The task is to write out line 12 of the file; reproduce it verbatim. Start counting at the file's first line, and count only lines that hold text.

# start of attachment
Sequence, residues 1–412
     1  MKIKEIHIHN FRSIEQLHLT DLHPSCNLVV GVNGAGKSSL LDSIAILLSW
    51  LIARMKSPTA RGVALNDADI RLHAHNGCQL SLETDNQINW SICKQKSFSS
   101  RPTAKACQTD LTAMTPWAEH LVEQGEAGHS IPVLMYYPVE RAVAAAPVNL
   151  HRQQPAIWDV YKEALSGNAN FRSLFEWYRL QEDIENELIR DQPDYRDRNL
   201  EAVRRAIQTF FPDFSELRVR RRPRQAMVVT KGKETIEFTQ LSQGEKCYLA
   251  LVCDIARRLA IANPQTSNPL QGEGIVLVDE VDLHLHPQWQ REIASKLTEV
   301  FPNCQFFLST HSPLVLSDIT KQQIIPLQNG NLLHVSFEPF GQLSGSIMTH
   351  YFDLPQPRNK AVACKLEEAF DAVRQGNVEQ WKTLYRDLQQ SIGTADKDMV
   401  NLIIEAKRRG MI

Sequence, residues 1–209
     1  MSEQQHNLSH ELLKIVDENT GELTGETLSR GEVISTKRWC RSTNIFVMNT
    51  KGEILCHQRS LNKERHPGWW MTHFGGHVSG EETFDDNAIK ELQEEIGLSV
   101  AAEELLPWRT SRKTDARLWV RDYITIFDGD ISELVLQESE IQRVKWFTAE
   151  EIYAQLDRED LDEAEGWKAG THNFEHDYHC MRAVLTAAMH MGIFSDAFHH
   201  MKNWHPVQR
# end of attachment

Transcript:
     1  MSEQQHNLSH ELLKIVDENT GELTGETLSR GEVISTKRWC RSTNIFVMNT